Ship strikes: The urgent need to slow down vessels
A ship strike is a collision between any type of boat and large marine animals, such as whales, dolphins, marine turtles, sea lions, seals, sharks etc. Regardless of their type and size, all vessels have the potential to collide with marine species. Animals struck by boats, when they are not killed immediately, often suffer serious injuries and a slow and painful death. Ship strikes represent a serious conservation and welfare problem for marine wildlife in many regions around the globe, in particular large whales. OceanCare is therefore actively engaged in promoting existing and developing solutions.
Collisions pose a serious conservation and welfare problem. A ship strike can occur anywhere, but some regions are of particular concern, especially when main shipping lanes run directly through certain habitats, such as breeding or feeding grounds of large whale species, e.g.:
- the South Coast of Sri Lanka (Blue whales)
- the Hellenic Trench off Greece (Sperm whales)
- the Hauraki Gulf / Tīkapa Moana, New Zealand (Bryde’s whales)
- the Canary Islands (Sperm whales)
- the Northwest Mediterranean (Sperm whales and Fin whales)
- the Northwest Atlantic (North Atlantic Right whales)
One obvious solution and multiple environmental benefits
No single technology can eliminate or significantly reduce the risk of ship strikes. Separating shipping lanes from habitats of large cetaceans is the best way of preventing collisions between vessels and whales. To identify potential re-routing options, it is important to understand the whales’ habitat. The efforts to identify important marine mammal areas (IMMAs) are of tremendous help and supported by OceanCare.
Wherever re-routing is not possible, vessel speed reduction is the most effective measure. Indeed, speed is the most significant factor in ship strikes. Not only is the impact of the collision less harmful with reduced speed, but both parties have more time to avoid each other and prevent a collision in the first place. In fact, it is the same as with road traffic with respect to people, which is why speed limits are set.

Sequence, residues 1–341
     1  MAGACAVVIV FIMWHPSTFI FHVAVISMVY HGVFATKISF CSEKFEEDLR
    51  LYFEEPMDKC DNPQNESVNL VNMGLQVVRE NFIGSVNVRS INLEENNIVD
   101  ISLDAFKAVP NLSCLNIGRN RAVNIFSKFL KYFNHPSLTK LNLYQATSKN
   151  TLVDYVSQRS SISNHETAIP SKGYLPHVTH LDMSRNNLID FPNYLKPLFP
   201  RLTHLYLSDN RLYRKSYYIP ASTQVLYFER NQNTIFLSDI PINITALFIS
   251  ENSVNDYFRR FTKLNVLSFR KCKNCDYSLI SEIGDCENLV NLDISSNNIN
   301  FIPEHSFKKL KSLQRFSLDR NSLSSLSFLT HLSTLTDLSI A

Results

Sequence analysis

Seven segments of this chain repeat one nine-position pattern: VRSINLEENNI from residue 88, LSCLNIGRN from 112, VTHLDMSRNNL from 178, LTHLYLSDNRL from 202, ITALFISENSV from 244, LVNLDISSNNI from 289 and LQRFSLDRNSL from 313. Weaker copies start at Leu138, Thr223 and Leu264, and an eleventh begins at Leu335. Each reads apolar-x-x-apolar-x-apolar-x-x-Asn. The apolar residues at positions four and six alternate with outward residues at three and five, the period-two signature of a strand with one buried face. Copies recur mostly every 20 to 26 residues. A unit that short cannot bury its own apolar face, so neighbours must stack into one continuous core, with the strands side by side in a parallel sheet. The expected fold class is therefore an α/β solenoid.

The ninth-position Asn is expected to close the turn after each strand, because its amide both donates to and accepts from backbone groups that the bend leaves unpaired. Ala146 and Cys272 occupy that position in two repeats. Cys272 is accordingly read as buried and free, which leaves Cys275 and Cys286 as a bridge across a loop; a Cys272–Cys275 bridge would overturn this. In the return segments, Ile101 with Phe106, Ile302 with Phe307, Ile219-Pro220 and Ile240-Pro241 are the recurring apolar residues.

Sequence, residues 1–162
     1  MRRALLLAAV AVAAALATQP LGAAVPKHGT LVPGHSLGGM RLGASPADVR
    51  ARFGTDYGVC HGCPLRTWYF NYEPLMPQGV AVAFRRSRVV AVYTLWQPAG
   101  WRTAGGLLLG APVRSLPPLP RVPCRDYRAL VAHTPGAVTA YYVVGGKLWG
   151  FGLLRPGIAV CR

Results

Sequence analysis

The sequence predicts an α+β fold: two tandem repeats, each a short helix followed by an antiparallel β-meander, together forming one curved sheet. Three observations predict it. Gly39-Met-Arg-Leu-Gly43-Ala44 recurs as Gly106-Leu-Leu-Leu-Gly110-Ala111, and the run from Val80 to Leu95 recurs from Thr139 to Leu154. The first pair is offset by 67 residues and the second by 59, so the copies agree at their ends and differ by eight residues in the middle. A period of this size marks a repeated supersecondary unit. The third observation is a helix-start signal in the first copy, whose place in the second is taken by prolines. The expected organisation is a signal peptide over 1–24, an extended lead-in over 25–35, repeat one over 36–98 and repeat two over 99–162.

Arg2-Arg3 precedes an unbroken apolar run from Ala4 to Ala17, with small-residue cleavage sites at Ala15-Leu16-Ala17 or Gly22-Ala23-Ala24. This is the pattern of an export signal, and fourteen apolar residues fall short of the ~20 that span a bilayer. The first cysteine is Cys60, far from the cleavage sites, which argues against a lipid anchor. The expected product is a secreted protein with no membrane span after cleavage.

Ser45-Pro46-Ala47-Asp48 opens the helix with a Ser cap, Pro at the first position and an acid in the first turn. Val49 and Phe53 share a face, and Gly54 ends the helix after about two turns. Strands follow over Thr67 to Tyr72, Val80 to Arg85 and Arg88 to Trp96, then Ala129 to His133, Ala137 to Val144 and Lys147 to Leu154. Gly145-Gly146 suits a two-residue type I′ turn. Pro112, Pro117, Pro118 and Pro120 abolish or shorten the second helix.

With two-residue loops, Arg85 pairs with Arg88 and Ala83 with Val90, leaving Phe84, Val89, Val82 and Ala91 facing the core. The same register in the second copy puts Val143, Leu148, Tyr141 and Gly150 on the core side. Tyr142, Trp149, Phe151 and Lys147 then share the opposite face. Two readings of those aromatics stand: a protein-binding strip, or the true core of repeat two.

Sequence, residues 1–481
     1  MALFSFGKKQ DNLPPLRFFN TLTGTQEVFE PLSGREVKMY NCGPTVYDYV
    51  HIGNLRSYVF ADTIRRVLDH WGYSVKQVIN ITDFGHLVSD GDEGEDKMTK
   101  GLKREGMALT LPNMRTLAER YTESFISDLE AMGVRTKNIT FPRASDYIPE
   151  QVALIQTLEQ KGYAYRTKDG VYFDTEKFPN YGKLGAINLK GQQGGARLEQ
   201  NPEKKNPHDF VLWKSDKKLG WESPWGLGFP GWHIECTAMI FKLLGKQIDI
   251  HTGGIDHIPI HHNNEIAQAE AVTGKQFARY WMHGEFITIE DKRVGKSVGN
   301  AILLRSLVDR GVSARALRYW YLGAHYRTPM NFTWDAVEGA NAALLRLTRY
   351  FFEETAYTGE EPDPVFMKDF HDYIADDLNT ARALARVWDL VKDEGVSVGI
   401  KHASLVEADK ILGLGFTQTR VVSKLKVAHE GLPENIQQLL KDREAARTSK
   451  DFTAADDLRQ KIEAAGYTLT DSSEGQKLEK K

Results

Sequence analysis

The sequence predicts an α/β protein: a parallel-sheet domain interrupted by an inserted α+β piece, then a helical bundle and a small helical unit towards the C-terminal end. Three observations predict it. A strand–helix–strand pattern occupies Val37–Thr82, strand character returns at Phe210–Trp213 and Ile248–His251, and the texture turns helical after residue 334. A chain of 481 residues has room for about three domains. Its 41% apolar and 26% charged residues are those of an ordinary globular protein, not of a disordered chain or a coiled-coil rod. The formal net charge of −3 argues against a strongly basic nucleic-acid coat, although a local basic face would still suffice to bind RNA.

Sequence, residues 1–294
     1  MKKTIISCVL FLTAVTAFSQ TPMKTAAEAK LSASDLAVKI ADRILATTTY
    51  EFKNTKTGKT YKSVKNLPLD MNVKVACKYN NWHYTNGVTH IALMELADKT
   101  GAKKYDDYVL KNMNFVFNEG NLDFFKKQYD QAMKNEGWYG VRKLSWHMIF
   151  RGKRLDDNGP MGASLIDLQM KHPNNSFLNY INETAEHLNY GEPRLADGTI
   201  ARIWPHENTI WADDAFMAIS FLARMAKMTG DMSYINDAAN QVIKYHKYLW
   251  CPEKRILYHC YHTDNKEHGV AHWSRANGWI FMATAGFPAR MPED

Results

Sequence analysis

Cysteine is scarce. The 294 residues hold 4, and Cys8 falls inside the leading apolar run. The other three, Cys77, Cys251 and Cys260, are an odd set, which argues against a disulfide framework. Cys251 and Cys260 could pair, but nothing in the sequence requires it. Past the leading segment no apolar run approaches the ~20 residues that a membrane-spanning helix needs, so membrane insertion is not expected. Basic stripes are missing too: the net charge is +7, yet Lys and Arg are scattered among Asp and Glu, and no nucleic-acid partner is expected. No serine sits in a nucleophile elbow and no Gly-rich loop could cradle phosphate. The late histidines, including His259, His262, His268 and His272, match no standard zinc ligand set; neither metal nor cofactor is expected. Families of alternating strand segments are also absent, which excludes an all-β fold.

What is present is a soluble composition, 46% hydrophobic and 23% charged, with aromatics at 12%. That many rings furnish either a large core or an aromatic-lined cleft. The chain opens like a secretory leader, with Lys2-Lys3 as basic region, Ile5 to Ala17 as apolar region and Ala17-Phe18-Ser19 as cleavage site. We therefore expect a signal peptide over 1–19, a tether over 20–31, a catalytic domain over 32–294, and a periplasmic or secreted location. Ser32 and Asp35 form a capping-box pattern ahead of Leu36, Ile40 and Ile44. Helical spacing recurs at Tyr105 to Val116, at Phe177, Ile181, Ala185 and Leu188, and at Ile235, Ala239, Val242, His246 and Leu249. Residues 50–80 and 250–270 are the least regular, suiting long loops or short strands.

There is lots of scientific literature documenting the positive consequences of reducing vessel speed, such as by whale researcher Russell Leaper. A 10% reduction in speed across the global fleet would reduce the risk of ship strikes by 50% and would also result in very positive environmental effects reducing the ecological and climate footprint of shipping:
- Noise emissions by minus 40%
- Fuel consumption by minus 13%
- CO2 emissions by minus 13-19%
Other studies also document a reduction in:
- Black carbon emissions by minus 20%
- NOx and SOx emissions by minus 13%
Reducing speed doesn’t require any technological changes by the industry and also saves shipowners’ money on their fuel bills. It could even reduce costs more broadly: according to a study from the Öko-Institut e.V., for most of the scenarios considered, slower steaming will bring down transport costs.
But there is another challenge to generate such positive effects. An assessment of existing vessel speed reduction programs shows that they do not have significant economic impacts on shipping companies or on affected ports. But is also makes clear that if the reduction of speed remains a voluntary measure, it is ineffective in obtaining the necessary reductions in vessel speed. Therefore, OceanCare calls for introducing mandatory speed reduction as it would provide a level playing field for the shipping sector, achieve compliance and result in the reduction of ship strikes and emissions of several pollutants, including ocean noise as well as greenhouse gases.
Technical solutions as complementary measures
In some regions where threatened and endangered species and populations occur and crossing their homes can’t be avoided, speed reduction measures need to be accompanied by technical solutions to improve the detection and localisation of marine wildlife and communicate their presence to mariners. Some existing tools are being further developed, and some new ones are being elaborated. OceanCare funded the development and testing of SAvE Whales, the first ever integrated real-time localization system of sperm whales.